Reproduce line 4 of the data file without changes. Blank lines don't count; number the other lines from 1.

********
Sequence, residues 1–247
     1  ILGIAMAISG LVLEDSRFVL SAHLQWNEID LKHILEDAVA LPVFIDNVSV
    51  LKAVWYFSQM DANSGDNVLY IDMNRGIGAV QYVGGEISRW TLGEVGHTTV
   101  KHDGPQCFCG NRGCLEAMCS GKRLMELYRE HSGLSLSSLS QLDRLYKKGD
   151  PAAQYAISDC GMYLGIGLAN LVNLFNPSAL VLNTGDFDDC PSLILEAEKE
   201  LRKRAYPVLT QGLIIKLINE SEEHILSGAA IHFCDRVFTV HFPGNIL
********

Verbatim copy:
   101  KHDGPQCFCG NRGCLEAMCS GKRLMELYRE HSGLSLSSLS QLDRLYKKGD